Five element acupuncture – an overview

In every style of acupuncture the practitioner aims to treat the root of the problem. Rather than treating symptoms as separate issues everything is taken into account and we look at the person as a whole rather than the individual symptoms that they present with. Five Element acupuncture can be particularly effective when it comes to treating the spirit or the vitality of a person. Therefore, it is often used to treat anxiety, depression, insomnia, etc. or in the case of chronic illness where there is no apparent cause.


One of the biggest pioneers of Five Element acupuncture was a British acupuncturist named J R Worsley. He looked at humans as a microcosm reflecting nature so he looked to nature to help him treat people with acupuncture.  J R Worsley believed that every person contained the Elements (Fire, Earth, Metal, Water, Wood) and their qualities but he also believed that every person had one Element that was weaker or more out of balance than the rest. He called this the primary imbalance or ‘Causative Factor’ (CF). Like a weak link in the chain he thought that the primary imbalance would lead the other Elements to become weak or imbalanced leading to disease.


Five Element really focuses on treating that weak link so that the other Elements can harmonise and our Qi can flow smoothly. This makes it quite an elegant style of acupuncture as, during a treatment, only 4 needles may be used to treat the primary imbalance.


While someone’s ‘Causative Factor’ can be their weakest link, when all of the Elements are balanced and in harmony the qualities of that Element can also be their greatest attribute. I’ll discuss this further when we look at each of the Elements in turn.


The Five Element cycles


The Five Elements are often depicted in this manner. First you have the Sheng cycle otherwise known as the ‘Generating’ cycle. What this means is that each Element basically creates the next one.

  • Wood creates Fire by burning.
  • Fire creates Earth from the ashes.
  • Earth creates Metal by hardening.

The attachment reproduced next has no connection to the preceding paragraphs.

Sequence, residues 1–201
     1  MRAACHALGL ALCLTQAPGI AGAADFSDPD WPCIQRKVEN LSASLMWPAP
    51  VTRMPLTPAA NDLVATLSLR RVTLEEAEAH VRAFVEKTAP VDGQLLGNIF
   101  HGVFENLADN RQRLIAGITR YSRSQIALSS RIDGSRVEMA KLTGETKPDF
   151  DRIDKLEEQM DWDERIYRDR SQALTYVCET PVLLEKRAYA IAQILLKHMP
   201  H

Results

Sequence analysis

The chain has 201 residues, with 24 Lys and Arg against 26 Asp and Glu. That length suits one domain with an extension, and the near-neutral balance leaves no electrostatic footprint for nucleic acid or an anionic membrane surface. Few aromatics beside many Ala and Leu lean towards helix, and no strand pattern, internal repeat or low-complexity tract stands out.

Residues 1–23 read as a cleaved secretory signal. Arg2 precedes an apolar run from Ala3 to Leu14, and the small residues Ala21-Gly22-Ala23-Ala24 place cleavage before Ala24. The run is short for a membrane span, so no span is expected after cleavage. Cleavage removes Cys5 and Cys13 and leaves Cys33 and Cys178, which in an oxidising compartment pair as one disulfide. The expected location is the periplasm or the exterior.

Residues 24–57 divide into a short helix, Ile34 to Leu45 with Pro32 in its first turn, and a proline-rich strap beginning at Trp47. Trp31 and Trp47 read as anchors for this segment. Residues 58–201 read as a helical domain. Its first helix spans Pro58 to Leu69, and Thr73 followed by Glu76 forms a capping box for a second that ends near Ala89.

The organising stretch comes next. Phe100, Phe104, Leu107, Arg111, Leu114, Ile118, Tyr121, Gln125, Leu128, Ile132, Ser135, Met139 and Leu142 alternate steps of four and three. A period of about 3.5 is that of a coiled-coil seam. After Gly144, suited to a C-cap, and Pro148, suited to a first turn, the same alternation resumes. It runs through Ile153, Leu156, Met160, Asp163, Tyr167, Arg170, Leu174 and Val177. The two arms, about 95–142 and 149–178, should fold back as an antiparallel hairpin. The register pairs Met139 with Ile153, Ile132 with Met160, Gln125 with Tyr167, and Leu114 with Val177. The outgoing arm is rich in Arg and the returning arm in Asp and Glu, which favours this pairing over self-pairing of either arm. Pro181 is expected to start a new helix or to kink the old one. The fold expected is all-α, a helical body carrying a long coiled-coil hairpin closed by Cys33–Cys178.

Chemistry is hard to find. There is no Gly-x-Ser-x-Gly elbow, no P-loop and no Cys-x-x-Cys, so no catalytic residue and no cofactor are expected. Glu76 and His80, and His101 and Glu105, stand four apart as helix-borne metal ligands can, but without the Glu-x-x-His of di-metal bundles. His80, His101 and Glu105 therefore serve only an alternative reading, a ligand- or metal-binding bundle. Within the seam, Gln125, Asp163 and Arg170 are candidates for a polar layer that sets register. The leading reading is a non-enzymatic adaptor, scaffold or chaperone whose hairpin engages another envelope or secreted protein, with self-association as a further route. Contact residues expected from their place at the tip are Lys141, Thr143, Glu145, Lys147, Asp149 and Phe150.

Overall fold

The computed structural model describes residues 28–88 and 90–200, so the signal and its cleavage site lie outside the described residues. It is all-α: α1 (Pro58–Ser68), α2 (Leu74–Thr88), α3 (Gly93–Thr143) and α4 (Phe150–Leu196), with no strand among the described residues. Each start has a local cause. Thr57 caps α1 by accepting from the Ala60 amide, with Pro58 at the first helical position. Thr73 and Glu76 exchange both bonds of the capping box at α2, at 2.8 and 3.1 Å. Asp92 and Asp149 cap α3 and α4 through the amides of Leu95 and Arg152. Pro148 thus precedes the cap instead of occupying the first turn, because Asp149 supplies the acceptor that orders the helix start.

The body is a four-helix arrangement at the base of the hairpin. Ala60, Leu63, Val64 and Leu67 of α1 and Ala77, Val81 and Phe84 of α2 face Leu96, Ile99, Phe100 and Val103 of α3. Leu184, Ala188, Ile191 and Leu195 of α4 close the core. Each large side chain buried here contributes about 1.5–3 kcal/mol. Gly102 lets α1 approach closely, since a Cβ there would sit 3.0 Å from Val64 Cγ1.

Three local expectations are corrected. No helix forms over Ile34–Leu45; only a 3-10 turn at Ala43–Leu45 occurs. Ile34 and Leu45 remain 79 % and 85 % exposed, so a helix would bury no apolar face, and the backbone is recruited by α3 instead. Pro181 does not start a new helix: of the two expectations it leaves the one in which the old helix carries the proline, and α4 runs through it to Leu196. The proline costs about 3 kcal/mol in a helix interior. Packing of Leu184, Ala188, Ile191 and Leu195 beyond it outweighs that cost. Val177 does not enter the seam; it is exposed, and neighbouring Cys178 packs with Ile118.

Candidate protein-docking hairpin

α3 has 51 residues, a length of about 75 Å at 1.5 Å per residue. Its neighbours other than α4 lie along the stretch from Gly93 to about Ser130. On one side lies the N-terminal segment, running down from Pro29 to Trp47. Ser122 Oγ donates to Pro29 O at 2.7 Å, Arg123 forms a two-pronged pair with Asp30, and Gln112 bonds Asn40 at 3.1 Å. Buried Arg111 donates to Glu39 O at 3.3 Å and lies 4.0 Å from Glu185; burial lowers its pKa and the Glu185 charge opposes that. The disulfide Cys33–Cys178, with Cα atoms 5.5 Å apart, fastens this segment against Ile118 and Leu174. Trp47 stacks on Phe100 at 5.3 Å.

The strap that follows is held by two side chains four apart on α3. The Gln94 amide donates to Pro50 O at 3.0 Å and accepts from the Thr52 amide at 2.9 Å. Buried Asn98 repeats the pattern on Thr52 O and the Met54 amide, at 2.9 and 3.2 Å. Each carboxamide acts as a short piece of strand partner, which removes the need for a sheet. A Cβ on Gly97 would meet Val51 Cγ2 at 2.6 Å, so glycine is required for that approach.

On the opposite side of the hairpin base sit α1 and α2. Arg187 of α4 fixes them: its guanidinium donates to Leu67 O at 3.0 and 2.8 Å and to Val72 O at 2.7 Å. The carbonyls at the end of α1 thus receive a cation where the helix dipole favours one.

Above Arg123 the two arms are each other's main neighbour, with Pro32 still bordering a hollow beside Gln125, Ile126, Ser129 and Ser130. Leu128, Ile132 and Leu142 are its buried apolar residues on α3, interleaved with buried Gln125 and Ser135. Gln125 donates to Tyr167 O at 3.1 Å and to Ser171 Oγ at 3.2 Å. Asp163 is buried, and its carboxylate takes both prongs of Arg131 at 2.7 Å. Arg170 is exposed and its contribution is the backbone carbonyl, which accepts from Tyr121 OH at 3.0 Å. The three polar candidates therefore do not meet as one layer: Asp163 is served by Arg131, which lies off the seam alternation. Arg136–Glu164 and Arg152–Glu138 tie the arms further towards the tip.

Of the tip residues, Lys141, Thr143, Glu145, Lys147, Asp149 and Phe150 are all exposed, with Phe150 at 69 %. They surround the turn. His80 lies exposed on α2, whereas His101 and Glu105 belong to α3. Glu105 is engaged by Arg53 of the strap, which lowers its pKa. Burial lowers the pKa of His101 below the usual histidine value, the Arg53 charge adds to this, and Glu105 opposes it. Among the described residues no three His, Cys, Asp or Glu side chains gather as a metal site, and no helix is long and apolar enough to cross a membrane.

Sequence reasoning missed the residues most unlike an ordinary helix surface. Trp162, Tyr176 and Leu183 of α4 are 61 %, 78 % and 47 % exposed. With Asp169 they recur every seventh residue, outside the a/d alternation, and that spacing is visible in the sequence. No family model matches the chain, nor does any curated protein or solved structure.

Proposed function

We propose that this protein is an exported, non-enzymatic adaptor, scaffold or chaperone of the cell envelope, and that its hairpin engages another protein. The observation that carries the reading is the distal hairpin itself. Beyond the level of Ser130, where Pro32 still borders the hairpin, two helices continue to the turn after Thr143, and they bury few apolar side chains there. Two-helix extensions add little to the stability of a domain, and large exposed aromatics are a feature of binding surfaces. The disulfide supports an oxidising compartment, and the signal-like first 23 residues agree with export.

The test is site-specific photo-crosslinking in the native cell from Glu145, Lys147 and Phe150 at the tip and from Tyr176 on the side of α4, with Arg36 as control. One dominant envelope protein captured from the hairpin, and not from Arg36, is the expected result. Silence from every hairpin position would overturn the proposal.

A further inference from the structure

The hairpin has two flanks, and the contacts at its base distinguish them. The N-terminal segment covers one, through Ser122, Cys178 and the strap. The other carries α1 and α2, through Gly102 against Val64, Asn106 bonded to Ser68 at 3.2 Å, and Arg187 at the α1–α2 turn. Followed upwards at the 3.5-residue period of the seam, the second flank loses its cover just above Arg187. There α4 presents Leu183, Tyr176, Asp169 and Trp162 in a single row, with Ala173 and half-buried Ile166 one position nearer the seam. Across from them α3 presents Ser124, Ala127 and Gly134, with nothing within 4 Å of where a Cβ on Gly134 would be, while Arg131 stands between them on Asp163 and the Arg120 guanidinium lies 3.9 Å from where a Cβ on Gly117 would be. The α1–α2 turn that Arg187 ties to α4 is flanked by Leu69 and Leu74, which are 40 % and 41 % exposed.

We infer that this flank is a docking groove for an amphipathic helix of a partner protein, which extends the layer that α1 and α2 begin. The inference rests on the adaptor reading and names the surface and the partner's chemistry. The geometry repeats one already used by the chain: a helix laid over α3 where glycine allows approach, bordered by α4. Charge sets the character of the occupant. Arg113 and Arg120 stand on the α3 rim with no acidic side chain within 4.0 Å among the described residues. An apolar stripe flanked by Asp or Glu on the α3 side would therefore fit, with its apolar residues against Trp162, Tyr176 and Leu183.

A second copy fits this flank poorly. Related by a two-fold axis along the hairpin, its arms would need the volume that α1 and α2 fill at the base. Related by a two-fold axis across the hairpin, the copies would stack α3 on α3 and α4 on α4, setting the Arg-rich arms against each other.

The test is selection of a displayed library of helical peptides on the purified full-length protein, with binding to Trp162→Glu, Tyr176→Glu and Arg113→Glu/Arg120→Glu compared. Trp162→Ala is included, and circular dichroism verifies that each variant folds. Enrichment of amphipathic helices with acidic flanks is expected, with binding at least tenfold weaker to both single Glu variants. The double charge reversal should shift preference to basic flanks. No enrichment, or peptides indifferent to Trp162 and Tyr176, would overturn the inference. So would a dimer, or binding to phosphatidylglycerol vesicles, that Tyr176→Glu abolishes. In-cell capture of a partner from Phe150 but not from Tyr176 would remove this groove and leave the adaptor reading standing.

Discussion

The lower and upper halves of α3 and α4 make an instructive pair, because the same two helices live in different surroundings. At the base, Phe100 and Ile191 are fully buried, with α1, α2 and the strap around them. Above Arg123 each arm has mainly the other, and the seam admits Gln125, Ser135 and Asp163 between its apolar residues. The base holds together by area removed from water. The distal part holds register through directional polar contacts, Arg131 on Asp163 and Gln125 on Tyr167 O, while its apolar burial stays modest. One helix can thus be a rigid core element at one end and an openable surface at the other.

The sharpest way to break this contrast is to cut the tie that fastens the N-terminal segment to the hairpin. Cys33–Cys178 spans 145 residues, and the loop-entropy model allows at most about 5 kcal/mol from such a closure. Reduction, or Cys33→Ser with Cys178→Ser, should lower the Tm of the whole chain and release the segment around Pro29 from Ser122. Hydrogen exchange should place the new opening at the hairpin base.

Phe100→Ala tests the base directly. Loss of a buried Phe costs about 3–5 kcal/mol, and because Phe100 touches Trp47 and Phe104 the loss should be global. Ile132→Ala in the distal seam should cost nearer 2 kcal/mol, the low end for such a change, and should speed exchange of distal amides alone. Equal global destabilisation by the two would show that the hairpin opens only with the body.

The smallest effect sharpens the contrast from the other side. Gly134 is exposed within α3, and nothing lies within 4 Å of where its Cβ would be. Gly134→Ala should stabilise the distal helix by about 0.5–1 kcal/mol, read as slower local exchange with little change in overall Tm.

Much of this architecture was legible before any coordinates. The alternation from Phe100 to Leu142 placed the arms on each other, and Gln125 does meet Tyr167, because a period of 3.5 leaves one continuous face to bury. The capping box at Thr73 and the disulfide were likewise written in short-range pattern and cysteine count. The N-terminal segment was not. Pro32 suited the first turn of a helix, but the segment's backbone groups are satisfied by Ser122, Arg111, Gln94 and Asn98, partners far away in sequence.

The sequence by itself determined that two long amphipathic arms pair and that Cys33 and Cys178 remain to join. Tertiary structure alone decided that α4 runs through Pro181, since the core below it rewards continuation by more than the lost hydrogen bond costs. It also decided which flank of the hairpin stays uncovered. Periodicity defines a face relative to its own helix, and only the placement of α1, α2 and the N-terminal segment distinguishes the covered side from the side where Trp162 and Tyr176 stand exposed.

• Metal creates Water by containment (minerals not allowing the Water to soak into the Earth).
  • Water creates Wood by nourishment.


The next cycle is the Ke cycle otherwise known as the ‘Controlling’ cycle and what this means is that each Element basically keeps the next Element in check so it doesn’t grow out of control.

  • Fire controls Metal by melting.
  • Metal controls Wood by cutting.
  • Wood controls Earth by covering (Wood binds the Earth so it doesn’t scatter or erode).
  • Earth controls Water by damming.
  • Water controls Fire by extinguishing.


Diagnosing the primary imbalance

As practitioners we use our observational skills to diagnose a person using four things: Colour, Sound, Emotion, Odour.

– What is the main colour around the eyes?

– Is the tone of voice congruent with the behaviour and what the person is saying? When we’re listening to the tone of the voice we’re trying to determine whether the tone matches what they’re saying. Are they talking about a frustrating experience with a laughing tone in the voice?

– Is the emotion smooth?  Does it fade away naturally? What we’re looking for is the most inappropriate emotion. Do facial expressions match the tone of the voice match what they’re trying to convey with their words?

– Are they constantly laughing and joking? (Fire)

– Do they find it difficult to move through and out of anger? (Wood)

– Are they frightened of everything and need constant reassuring? (Water)

– Do they struggle to take in sympathy or are they constantly asking for it with their words or their facial expression? (Earth)

– Do they get stuck in grief? (Metal)


The next post will feature the Fire Element and what a Fire CF might look and act like.

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